Frank graduated BA(Mod) in Microbiology in 1967 and completed a PhD in Reproductive Immunology at the Vet School (1970) in Trinity College Dublin. He is currently Professor-in-Immunology in the Department of Microbiology and Immunology at the University of Otago. He joined the Department at the University of Otago from Trinity College, as a lecturer in 1973 and retired as professor-in-Immunology in 2016. Frank was Director of the Disease Research Laboratory which enjoyed ongoing research collaborations with AgResearch for more than 40 years. He is currently Emeritus Professor-in-Immunology and Director of Disease Research Limited, a wholly owned subsidiary of the University of Otago. He is the author of more than 140 refereed and 60 non-refereed scientific publications. He is a consultant to many international committees and consortia in New Zealand, Australia, Europe and the United States. Among his modest successes as a researcher, he has developed vaccines and laboratory techniques to diagnose yersiniosis, tuberculosis (TB) in deer and paratuberculosis (Johne’s disease) in cattle, deer and sheep. He was awarded the 1990 NZ Deer Industry Award and the ONZM in 2003, for his contribution to animal health science in New Zealand. He is proud to be part of a team of scientists attempting to enhance New Zealand’s position as a world leader in innovative farming and believes that science should be used to inform issues concerning the welfare, health and quality of our livestock. He was awarded the Pickering Medal for Innovation in Technology, by the NZ Royal Society in 2010 and elected as a Fellow of the NZ Royal Society in 2012. Frank’s earlier work was concerned with control of infection in domestic ruminants, exotic wildlife and zoo animals. His current field of interest explores how stress, host genetics and modern farming practices influence immunity and disease resistance in domestic livestock. An innovative project has been developed recently, to explore immunological aspects of parasitism in domesticated ruminants, with the goal to use immunotherapies to transform Infection into Vaccination au Naturale.
Biography: Yury Goltsev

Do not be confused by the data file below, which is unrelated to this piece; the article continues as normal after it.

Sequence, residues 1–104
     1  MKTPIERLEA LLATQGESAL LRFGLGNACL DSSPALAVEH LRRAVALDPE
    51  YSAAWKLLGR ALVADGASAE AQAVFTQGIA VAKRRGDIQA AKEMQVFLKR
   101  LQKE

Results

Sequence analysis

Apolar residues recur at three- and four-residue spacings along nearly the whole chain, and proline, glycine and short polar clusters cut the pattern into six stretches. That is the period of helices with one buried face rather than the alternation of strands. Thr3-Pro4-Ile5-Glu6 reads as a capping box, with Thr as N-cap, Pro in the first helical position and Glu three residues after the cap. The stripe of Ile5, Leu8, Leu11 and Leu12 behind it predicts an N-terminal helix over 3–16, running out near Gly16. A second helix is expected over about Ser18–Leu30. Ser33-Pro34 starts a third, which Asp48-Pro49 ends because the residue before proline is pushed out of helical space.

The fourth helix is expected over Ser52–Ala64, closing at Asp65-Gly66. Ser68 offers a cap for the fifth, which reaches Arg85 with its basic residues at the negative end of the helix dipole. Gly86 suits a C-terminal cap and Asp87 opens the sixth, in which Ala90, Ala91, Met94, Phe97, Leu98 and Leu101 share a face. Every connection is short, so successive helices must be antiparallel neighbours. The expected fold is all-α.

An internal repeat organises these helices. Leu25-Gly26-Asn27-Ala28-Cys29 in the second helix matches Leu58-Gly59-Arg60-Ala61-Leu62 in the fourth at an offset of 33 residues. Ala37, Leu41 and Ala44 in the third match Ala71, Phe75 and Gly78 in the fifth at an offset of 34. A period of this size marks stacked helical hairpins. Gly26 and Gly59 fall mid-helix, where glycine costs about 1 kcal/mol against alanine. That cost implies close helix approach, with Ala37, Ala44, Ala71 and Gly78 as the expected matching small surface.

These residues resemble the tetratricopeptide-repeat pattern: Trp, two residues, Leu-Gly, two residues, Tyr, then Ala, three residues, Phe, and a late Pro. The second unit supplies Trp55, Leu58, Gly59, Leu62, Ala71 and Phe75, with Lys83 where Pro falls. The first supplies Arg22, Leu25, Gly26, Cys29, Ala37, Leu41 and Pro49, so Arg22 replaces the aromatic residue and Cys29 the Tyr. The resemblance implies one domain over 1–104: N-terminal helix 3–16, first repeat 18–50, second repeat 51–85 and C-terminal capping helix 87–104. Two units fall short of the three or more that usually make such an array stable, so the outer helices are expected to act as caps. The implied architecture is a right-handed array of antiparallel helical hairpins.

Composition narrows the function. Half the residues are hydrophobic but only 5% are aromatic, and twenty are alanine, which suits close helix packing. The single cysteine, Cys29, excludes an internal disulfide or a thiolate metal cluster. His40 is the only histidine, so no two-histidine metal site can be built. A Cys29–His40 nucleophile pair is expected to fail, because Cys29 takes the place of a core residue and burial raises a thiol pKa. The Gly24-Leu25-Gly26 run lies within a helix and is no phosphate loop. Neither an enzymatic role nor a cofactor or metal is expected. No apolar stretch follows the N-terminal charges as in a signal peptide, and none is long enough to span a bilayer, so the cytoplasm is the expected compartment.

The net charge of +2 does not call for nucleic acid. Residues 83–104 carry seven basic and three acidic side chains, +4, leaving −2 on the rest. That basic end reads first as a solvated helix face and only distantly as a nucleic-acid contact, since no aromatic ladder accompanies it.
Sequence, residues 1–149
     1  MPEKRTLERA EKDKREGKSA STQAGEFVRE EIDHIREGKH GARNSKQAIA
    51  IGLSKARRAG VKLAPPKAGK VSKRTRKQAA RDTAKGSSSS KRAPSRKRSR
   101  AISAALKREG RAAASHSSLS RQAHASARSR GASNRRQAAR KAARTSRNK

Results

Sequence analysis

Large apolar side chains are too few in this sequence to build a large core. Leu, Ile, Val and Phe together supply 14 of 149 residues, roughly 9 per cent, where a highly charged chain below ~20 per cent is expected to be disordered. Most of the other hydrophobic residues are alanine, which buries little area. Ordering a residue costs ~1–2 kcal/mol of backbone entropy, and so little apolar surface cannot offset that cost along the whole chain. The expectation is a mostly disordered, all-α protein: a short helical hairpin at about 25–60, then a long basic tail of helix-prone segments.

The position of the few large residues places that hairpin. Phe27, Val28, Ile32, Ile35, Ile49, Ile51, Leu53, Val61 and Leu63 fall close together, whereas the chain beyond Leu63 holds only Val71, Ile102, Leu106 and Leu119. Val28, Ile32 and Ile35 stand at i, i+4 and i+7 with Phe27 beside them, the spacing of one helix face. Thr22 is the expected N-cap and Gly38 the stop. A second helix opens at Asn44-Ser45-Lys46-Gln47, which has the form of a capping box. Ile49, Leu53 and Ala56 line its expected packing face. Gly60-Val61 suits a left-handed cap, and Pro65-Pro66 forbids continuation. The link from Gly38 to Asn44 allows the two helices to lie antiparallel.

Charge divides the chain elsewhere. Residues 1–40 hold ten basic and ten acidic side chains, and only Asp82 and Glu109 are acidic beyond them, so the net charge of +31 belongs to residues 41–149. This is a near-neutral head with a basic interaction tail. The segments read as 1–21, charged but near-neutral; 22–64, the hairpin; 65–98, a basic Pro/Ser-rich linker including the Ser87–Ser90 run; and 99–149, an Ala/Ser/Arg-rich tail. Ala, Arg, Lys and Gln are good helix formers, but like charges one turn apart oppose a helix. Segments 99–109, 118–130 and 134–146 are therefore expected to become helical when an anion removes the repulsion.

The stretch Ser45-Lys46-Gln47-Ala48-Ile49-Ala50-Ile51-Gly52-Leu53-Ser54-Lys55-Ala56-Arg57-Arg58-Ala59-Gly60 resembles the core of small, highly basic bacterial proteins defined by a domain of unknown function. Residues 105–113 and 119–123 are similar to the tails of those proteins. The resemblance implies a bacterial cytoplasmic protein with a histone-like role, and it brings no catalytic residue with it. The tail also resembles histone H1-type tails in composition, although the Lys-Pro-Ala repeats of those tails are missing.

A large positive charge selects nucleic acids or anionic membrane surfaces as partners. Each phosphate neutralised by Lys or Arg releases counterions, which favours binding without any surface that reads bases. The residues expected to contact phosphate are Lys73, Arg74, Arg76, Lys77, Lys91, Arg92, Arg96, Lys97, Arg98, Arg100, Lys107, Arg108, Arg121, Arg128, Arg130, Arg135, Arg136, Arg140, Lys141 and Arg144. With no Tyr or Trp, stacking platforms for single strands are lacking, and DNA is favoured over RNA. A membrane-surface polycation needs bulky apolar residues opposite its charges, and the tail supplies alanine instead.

Dr. Goltsev started his scientific career in biomedical lab (Prof. Wallach, Weizmann Inst. Israel), dissecting the molecular signaling pathways employed by the receptors of TNF/NGF ligand family. During his graduate work he discovered an important component of the cell death signaling network cFLIP(CASH) (Goltsev et al 1997) and also contributed to the identification of a central mediator of apoptosis – caspase-8 (MACH) (Boldin et al 1996). In the course of his graduate research he came to a conclusion that evolutionary perspective (and hence the analysis of gene role across species) may represent the most comprehensive way for understanding the “true” gene function. This idea led him to the Levine lab at Integrated Biology department of UC Berkeley, where he shifted his emphasis to focus on the evolution of patterning transcriptional networks in insects (e.g. Goltsev et al 2004, Goltsev et al 2007, Papatsenko and Goltsev 2011, Goltsev et al 2009). Following postdoctoral training at Berkeley Dr. Goltsev returned to biomedical field as a scientist in Prof. Nolan lab where he developed and used novel methodologies for multiparametric single cell analysis of hematologic malignancies. In Dr. Nolan’s lab Dr. Goltsev single-handedly developed new approaches for RNA based flow cytometry (now distributed as a kit by Affymetrix) and gene expression analysis of cellular subsets isolated based RNA profile. Recently in the course of his studies on architecture of normal and afflicted immune tissues Dr. Goltsev came up with and innovative approach of unlimited multiplexed fluorescent staining of tissue sections (CODEX) effectively enabling in situ histocytometry and niche identification at a qualitatively new level. CODEX is currently believed by leading experts to be one of the most promising tools in dissection of immune microenvironments and cell-to cell interactions in cancer.